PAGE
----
Vegan Strawberry Buttercream
This vegan strawberry buttercream frosting is quick, easy and requires no chilling time! It makes a beautiful pink addition to layer cakes, cupcakes and more.
The idea of making strawberry frosting first came to me when I tried to create some chocolate strawberry cupcakes.
I had originally started with a chocolate cupcake and strawberry topping because thought it might be hard to get a strong strawberry flavour to come through in a cupcake.
My first few attempts were less than fabulous. The buttercream split on multiple occasions, and I couldn’t get it firm enough to pipe.
The one time I did manage, the strawberry on top completely crushed all of my hard work and made the frosting crack.
Why not use real strawberries?
I really did want to use real strawberry juice but I came across a few problems.
As I mentioned above, the buttercream became very runny and split after I added the juice from the strawberries. This happened a few times, despite my best efforts.
Even after adding more icing sugar and chilling it for hours on end, it still wasn’t firm enough to pipe.
Another, bigger problem was that it barely tasted like strawberry!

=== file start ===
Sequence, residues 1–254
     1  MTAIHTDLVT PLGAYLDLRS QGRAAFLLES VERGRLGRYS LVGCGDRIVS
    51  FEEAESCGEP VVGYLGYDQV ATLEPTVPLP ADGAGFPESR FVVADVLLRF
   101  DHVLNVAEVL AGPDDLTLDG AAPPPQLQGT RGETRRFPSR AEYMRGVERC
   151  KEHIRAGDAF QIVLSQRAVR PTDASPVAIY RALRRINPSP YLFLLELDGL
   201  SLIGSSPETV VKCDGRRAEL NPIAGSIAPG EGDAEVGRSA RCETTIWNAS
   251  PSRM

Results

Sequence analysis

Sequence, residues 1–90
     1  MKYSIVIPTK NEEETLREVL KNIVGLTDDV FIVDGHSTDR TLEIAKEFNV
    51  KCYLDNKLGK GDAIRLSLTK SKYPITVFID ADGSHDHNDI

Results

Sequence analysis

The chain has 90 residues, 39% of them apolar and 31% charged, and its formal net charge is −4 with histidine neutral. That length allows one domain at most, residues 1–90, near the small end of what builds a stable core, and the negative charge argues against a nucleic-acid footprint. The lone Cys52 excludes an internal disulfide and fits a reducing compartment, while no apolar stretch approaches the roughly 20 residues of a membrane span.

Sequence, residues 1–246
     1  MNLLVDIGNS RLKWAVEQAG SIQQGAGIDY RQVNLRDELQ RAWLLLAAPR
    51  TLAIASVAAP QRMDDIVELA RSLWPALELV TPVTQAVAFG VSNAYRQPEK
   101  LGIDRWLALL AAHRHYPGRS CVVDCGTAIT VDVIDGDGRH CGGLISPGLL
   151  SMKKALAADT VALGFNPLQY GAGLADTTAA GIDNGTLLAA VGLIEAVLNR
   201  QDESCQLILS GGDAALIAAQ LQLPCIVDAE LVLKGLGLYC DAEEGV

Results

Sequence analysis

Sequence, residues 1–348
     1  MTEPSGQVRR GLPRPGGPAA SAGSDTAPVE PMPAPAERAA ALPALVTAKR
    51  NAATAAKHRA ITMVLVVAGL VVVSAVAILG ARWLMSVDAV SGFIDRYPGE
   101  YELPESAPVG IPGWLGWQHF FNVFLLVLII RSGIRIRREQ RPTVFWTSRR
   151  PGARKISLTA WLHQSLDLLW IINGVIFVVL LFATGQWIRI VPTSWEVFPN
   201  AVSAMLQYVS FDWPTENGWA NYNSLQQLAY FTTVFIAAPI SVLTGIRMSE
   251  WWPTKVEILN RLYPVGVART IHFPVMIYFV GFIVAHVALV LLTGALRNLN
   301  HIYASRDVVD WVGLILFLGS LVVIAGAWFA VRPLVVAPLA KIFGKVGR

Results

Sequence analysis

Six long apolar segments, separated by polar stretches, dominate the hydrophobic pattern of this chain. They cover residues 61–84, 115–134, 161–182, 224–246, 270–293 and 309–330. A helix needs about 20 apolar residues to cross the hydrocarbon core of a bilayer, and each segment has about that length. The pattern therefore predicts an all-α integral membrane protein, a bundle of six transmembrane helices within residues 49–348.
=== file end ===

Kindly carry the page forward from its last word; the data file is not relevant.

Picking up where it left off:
I tried using strained strawberry juice and when that didn’t work I tried blended strawberries, as I figured that would produce a stronger flavour.
But it didn’t taste any different from regular buttercream unless I used so much strawberry that the icing became super watery.
The colour was also a little off too. It wasn’t this beautiful pink colour that I’d imagined but rather resembled a salmony, pinky-yellow colour.
Not very appetising!
Maybe I was doing something wrong because I’ve seen other recipes using fresh strawberry juice and their frosting looked a nice pink colour and was smooth. Although I’m not convinced it actually tastes like strawberry now…
So with my failed attempts at using real strawberries, I chose to use strawberry extract and pink food colouring instead.
Yes, my frosting is very artificial! But it tastes, looks and pipes WAY better than the “natural” version.
In my humble opinion.
Where to buy strawberry extract
I always use PME’s food colouring gel too as they’re one of the very few brands to offer vegan-friendly red and pink colours!
If you’d prefer to use something a little less artificial, you could always have a go with freeze-dried strawberry powder instead.
I haven’t tried it myself yet but I assume it’d be easier to get a strong strawberry flavour without the icing turning watery.
There are a few companies that sell strawberry powder online and you can find them with a quick Google search. Or if you’re feeling extra fancy, you could try making your own!
More vegan frosting recipes:
How to make vegan strawberry buttercream frosting
This is probably one of the most basic recipes on my site!
Basically, you just mix the butter and flavouring, add your icing sugar and food colouring and BOOM, ready to go!
Add 240g (1 cup) of vegan butter to a large bowl along with 1 teaspoon of strawberry extract. I felt this was the right amount of extract to give a nice flavour without being too overpowering.
Use an electric whisk or stand mixer to beat it and make it soft.
Measure out 600g of icing sugar (5 cups).
Add it to the softened butter a little bit at a time, mixing it with a wooden spoon in between.